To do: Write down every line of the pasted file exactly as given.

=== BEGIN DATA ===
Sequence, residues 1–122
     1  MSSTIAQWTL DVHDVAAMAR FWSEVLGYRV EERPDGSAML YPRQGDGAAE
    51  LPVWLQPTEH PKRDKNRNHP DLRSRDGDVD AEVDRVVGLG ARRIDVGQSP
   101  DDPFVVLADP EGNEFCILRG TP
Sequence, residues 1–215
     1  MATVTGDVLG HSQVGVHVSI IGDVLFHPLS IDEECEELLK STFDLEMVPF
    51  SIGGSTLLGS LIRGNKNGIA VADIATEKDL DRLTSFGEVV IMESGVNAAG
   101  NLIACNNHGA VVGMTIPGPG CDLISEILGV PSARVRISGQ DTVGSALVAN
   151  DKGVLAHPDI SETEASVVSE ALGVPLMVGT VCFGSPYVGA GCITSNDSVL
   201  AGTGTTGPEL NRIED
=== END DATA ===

Sequence, residues 1–122
     1  MSSTIAQWTL DVHDVAAMAR FWSEVLGYRV EERPDGSAML YPRQGDGAAE
    51  LPVWLQPTEH PKRDKNRNHP DLRSRDGDVD AEVDRVVGLG ARRIDVGQSP
   101  DDPFVVLADP EGNEFCILRG TP
Sequence, residues 1–215
     1  MATVTGDVLG HSQVGVHVSI IGDVLFHPLS IDEECEELLK STFDLEMVPF
    51  SIGGSTLLGS LIRGNKNGIA VADIATEKDL DRLTSFGEVV IMESGVNAAG
   101  NLIACNNHGA VVGMTIPGPG CDLISEILGV PSARVRISGQ DTVGSALVAN
   151  DKGVLAHPDI SETEASVVSE ALGVPLMVGT VCFGSPYVGA GCITSNDSVL
   201  AGTGTTGPEL NRIED